condenses to form what is observed by local people in
the area as snow and clouds on Kibo and Mawenzi
peaks and used in weather forecasting.
However, it was observed during FGDs with elders
across the study transect that indigenous weather
forecasting knowledge and use are constrained by a
number of factors: lack of documentation which means
that the information is individually owned in peoples
minds and shared only through oral traditions, and
without recording the reference events and patterns;
the information flow pathways are slow and do not
reach all community members on time; some of the
reliable biological indicators used in IK-BFs have
disappeared or are on the point of extinction.
At the same time, according to TMA informants, the
SCFs system of information production and
dissemination is flawed. Integrating the two sets of
observation and knowledge to optimise the production
and distribution of more reliable, timely and localised
weather forecasts was supported by 93.6% of
respondents. Only 3.7% disapproved while 2.7%
remained ambivalent. Participants in the FGDs further

insisted that integrating the two knowledge systems not

only could improve weather forecast accuracy and
uptake by users, but also could open pathways towards
restoration and preservation of IK-BF capacity in the
Use of weather forecasts in farm level decision
To understand respondents demand for weather
information for use in farm level decision-making,
respondents to the household survey were asked how
they timed planting dates for maize, the main cereal
crop. Additional questions were asked to probe the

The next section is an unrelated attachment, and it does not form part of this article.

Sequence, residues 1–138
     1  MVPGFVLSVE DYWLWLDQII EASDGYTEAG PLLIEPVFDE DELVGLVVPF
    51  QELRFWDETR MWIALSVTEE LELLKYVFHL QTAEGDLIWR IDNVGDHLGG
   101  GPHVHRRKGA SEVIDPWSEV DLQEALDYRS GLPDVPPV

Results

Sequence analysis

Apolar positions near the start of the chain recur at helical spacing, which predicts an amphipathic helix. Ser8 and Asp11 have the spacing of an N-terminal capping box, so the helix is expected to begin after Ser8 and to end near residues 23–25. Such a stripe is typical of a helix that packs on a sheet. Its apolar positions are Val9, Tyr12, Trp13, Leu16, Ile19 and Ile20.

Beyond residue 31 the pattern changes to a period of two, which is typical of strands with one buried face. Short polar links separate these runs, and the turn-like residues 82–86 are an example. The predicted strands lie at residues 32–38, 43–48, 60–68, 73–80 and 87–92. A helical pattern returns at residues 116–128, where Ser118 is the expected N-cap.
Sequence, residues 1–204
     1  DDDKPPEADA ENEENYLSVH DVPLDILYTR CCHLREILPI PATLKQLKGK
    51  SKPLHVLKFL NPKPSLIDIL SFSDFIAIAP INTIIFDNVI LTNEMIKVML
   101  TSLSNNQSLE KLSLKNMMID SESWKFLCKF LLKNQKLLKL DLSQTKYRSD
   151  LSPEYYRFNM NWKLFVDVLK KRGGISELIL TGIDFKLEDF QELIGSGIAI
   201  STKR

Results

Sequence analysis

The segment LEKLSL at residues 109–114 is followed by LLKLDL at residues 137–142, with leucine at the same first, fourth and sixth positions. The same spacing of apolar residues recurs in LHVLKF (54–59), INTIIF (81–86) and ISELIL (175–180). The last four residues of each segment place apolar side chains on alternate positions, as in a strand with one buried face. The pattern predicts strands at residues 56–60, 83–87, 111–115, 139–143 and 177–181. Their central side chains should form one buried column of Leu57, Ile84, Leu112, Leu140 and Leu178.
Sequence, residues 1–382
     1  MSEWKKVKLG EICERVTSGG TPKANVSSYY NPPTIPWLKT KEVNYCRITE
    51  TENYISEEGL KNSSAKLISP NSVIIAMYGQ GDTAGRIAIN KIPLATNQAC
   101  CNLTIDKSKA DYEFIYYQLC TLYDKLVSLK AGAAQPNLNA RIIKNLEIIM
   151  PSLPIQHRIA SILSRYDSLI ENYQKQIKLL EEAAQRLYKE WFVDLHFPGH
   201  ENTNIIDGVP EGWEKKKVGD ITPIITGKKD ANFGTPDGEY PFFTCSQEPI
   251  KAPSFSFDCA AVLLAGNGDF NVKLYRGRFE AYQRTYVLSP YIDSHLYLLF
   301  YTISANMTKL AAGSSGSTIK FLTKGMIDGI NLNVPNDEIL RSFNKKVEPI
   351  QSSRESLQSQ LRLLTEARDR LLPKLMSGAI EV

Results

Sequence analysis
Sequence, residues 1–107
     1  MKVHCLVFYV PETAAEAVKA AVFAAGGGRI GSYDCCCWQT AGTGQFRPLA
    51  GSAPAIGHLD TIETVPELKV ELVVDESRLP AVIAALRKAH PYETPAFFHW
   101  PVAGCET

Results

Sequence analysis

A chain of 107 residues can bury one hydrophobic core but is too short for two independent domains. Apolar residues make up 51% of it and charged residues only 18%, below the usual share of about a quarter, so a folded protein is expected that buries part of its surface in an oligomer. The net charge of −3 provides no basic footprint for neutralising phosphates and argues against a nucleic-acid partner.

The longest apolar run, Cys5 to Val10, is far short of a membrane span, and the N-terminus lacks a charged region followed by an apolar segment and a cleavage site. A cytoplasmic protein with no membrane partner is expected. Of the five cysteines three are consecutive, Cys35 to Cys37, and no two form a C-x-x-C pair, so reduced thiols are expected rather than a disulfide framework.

criteria used to decide when to prepare land, sow
seeds, harvest, and plan other non-farm activities.
Cross tabulation analysis of the results showed that
74% of the respondents practiced dry planting (sowing
seeds before the onset of the first rainfall), while only
26 % sow after the first rainfall. In both cases their
decision (in order of importance) is informed by
indigenous-based weather forecasts, TMA weather
forecasts and agricultural advisories from area
extensions officers (Figure 4). The reasons for farmers
preferring traditional weather forecasts rather than the
TMAs weather forecasts issued are presented in the
subsequent section of the paper.
[Insert Figure 4 here]
The FGD sessions elucidated that this preference is
related to weather variability, as summarized in Table
6. Analysis of the FGD and KII information, across all
survey zones, highlights that weather and climate
information is considered essential for effective on-farm
decision making. The analysis also revealed that men
and women use such information differently in some
respects (Table 7). For instance, our analysis showed
that women are the most in need of, and play a central
role in applying, weather information for ensuring food
security at the household level, also reported elsewhere
(Muthoni and Wangui 2013).

The significance of indigenous weather forecast knowledge and practices under weather variability and climate change: a case study of
smallholder farmers on the slopes of Mount Kilimanjaro

Chengula and Nyambo


Figure 4. Criteria used by farmers for decisions on planting dates

Table 3. Reasons for planting before or after the first rain

Planting before the first rains

Planting after the first rains

Since rains are not reliable and
unpredictable such that the amount and duration of
rains are not clear, planting early ensures effective
use of the first rains mainly for seed germination,
which may be able to withstand dry conditions
It is always easy to work on dry soil than
wet soils especially when one has a large plot, uses
hand hoe and human labour.

Since the rains are not reliable, to be

sure that rains are enough and available
throughout the crops life time, it is always
better to wait for the long lasting rains

If rains come in low amounts and
intermittently, planted seeds in wet soil may rot and
hence incurring more costs for re-planting.

Costs of hired labour remain low if soil is
dry. Less time is used e.g. One person can spend
two or three days to plant an acre in dry soils
compared to a week when the soil is wet.


Indigenous knowledge of weather trends and patterns